SEATTLE -- As expected, Monday's deadline for teams to extend qualifying offers to their own players passed without the Mariners making offers to any of their seven free agents, but that doesn't mean general manager Jerry Dipoto won't pursue such players from other clubs.
Those players have 10 days to either accept that guaranteed one-year deal or turn it down and sign a different contract with any team. All free agents became eligible to sign with other teams as of Monday's deadline.
A new Collective Bargaining Agreement negotiated this year has lessened the compensation a team must forfeit if it signs one of the qualified free agents. Instead of a first-round pick, in the Mariners' case they would give up a third-round pick in next June's Draft if they sign one such free agent and a fourth-round pick if they signed a second.
Given the Mariners' needs at first base, outfield and their rotation, Dipoto could definitely be interested in some of the new qualified free agents.
Under the new rules, even if they'd wanted, the Mariners couldn't extend the qualifying offer to a pair of their own free agents -- right-handers Hisashi Iwakuma and Yovani Gallardo -- because they'd previously been given such offers in their career. First baseman Yonder Alonso also was ineligible, since he was traded midseason this year.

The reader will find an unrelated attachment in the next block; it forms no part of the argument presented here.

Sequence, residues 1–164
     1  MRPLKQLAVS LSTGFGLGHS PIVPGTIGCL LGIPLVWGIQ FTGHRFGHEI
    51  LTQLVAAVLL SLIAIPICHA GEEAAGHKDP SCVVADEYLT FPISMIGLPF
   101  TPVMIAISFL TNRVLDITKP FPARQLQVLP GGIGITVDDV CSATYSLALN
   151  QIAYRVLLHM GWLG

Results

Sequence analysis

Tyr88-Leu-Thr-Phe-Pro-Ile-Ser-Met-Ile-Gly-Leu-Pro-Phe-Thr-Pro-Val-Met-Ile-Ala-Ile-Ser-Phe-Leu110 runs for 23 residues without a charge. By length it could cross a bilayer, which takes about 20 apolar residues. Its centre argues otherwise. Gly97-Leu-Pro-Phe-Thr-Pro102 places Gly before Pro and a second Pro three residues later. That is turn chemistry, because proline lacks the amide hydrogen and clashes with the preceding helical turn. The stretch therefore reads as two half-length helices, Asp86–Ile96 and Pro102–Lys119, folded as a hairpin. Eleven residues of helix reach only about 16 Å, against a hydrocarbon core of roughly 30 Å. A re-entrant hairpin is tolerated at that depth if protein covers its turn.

The Mariners have made only two qualifying offers in the six years since the system began, with Iwakuma (2015) and Kendrys Morales ('13) both rejecting the offers. The Mariners have signed two qualifying offer free agents from other teams -- Nelson Cruz in 2014 and Robinson Cano in '13.
The qualifying offer figure is based on the average of the top 125 MLB salaries in the previous season. The system was installed into the Collective Bargaining Agreement in 2012 when the figure was established at $13.3 million and has risen each year, to $14.1 million in 2013, $15.3 million in '14, $15.8 million in '15, $17.2 million in '16 and now $17.4 million this year.
No BBWAA finalists
Finalists for the four major Baseball Writers' Association of America Awards were announced on Monday and the Mariners don't have a top-three finisher in any of the American League categories -- MVP, Cy Young, Rookie of the Year and Manager of the Year.
The awards will be announced Nov. 13-16 from 3-4 p.m. PT each day on MLB Network, starting with Rookie of the Year honors.
Greg Johns has covered the Mariners since 1997, and for MLB.com since 2011. Follow him on Twitter @GregJohnsMLB. This story was not subject to the approval of Major League Baseball or its clubs.